Mexico’s AMLO Visits Central America Amid Increased Trade Exchange

Trade between Mexico and the isthmus has risen by 71% since 2017, with Central American exports totaling $3.3 billion annually and imports totaling $8.3 billion

México and Central America's trade is increasing as Mexico's President Andrés Manuel López Obrador visits the region.
May 06, 2022 | 11:30 AM

San Salvador — Mexico’s President Andrés Manuel López Obrador (known by his acronym AMLO) has begun a tour of Central America, a region that has increased its trade with Mexico over the past few years.

AMLO, as Mexico’s president is known, landed in Guatemala on Thursday, will be in El Salvador on Friday and in Honduras, Belize and Cuba on the weekend.

Trade between Mexico and the region has increased over the last five years, with exports from Central America (including Panama) to Mexico up 71% since 2017, from $1.92 billion to $3.29 billion, according to data from Mexico’s central bank (Banxico).

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Surprisingly, the Covid-19 pandemic facilitated the Central American isthmus’ increased exports to Mexico, as between 2019 and 2020 they increased by 11%, and by 41.9% between 2020 and 2021.


Nevertheless, Mexico continues to benefit in terms of the total amount of trade, with a 39% five-year advance, with exports totaling $8.33 billion in goods to the region last year.

Mexico is the most important export market for Nicaragua, accounting for 12.11% of foreign sales, while for Honduras the figure is 11.92%.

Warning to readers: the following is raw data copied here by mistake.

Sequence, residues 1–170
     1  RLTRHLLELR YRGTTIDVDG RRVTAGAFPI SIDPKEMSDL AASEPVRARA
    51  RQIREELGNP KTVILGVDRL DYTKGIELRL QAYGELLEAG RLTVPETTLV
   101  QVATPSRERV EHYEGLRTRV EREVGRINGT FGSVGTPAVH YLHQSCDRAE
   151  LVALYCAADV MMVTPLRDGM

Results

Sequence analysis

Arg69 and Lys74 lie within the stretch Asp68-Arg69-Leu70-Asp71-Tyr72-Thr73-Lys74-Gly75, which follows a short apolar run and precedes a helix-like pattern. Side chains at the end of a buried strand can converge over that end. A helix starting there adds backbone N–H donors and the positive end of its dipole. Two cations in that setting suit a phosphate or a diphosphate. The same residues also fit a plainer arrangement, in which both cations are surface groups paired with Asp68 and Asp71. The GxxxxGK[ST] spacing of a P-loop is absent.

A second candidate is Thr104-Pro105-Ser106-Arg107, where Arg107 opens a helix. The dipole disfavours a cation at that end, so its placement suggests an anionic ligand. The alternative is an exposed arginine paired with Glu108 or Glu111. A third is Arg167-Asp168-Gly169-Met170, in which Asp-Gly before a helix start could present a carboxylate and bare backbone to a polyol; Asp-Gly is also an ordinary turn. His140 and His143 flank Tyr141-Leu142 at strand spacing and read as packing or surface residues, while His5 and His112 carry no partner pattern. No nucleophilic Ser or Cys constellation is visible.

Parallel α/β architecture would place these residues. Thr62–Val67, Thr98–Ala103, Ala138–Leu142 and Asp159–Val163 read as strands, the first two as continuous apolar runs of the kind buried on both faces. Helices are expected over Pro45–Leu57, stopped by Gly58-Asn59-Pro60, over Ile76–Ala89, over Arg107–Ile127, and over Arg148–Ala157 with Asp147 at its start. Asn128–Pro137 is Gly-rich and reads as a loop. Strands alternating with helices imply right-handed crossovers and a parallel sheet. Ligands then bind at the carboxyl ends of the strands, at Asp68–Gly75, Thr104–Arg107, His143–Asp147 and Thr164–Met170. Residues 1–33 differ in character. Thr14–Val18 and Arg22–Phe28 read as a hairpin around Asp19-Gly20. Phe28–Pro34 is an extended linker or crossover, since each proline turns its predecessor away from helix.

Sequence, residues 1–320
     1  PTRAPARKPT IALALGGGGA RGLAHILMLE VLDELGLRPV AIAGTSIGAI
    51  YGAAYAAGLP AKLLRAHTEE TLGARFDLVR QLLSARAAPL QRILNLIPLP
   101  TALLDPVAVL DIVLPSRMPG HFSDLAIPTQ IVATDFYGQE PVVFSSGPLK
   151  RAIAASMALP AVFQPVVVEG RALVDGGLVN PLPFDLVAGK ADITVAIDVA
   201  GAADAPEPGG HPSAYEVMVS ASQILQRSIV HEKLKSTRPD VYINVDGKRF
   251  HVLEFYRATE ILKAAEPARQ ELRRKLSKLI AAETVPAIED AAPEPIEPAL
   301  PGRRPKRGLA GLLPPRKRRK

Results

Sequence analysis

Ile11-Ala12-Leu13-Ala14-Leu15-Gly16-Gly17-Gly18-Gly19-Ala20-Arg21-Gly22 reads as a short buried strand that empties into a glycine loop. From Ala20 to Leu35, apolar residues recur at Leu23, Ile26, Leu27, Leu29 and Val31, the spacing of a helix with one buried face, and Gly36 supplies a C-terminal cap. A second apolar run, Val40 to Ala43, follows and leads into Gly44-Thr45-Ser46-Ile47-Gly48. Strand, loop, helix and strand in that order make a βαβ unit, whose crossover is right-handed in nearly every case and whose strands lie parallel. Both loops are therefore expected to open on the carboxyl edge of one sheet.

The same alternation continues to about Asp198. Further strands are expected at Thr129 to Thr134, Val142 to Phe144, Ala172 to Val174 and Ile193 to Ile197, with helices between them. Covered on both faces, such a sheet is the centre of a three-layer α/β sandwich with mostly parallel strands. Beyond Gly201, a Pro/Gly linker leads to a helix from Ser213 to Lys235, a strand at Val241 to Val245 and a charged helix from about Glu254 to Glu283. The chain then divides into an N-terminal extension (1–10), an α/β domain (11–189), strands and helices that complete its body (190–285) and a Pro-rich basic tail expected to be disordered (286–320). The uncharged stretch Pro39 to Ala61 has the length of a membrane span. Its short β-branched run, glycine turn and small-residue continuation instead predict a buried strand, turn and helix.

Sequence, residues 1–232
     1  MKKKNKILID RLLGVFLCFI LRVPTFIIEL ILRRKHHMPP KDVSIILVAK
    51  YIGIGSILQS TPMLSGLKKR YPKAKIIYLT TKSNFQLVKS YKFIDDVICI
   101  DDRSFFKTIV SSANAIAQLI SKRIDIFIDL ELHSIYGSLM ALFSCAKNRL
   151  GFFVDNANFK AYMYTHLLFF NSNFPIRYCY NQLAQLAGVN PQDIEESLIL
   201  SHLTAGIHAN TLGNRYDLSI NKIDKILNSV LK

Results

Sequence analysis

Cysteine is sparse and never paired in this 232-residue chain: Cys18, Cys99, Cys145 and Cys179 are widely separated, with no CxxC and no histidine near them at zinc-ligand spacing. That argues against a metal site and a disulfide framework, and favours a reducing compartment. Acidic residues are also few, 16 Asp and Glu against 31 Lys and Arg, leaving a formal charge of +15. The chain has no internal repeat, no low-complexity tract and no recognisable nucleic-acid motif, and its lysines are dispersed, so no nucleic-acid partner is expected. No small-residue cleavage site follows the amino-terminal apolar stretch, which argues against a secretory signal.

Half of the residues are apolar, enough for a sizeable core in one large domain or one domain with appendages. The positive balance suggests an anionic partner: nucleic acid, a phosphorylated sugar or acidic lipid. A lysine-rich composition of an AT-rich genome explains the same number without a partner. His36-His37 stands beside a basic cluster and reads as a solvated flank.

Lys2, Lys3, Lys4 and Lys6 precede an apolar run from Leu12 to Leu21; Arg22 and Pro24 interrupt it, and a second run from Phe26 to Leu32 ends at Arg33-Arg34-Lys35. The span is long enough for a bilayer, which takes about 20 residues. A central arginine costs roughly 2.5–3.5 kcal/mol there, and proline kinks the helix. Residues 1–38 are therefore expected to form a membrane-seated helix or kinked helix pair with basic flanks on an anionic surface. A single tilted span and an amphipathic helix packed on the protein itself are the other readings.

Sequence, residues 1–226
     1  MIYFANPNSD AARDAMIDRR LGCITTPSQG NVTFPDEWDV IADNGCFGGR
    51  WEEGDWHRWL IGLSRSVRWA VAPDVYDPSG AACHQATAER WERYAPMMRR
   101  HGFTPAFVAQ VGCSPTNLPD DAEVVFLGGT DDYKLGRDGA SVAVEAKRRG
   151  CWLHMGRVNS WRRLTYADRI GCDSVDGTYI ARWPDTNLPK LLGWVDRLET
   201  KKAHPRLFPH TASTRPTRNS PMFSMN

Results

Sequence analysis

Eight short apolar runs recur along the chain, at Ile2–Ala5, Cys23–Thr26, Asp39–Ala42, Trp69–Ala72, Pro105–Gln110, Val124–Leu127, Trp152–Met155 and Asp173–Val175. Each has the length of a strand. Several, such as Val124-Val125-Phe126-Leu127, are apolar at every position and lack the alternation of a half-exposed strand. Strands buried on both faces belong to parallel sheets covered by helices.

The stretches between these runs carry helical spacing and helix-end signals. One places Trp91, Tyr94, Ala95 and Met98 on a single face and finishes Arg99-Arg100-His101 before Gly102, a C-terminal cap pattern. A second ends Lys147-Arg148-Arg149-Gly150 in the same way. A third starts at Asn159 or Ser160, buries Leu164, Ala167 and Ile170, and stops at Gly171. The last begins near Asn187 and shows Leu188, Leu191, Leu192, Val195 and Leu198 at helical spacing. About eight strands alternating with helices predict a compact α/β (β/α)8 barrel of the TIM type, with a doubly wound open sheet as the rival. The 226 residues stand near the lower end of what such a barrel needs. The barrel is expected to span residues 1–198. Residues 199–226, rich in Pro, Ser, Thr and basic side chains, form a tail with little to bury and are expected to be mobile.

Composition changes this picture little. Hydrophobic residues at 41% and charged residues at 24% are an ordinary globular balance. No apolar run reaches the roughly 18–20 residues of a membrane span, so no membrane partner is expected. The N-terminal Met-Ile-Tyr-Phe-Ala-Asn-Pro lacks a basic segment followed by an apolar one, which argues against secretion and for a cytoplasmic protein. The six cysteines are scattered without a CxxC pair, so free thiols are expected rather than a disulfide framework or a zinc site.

On average, Mexico accounts for 5.32% of exports from Central America (including Panama), and which totaled $61.82 billion in 2021.

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Due to their proximity, Mexican companies are well positioned as important partners for sectors such as food and beverages. This sector in Guatemala, for example, represents 11% of the country’s exports, compared with 8% for the U.S., according to the Guatemalan Chamber of Food and Beverages (CGAB).

Both Mexico and Central America saw an expansion in their export volumes last year, according to the Economic Commission for Latin America and the Caribbean (ECLAC).

“In these countries, the composition of exports is intensive in manufacturing, and these have been showing a greater increase in the volume exported, especially in the intra-regional market,” ECLAC said in its report International Trade Outlook for Latin America and the Caribbean.


ECLAC has been promoting its Integral Development Plan (PDI) that seeks to promote economic and social development between the southeast of Mexico, Guatemala, Honduras and El Salvador.


Alicia Bárcena, former executive secretary of ECLAC, said the region has privileged characteristics due to its geographical location, access to two oceans, its natural and cultural diversity, and large youth populations.

“There is a great opportunity for a new economic region. There are 70 million people who can constitute a large market for trade among the four countries,” Bárcena said.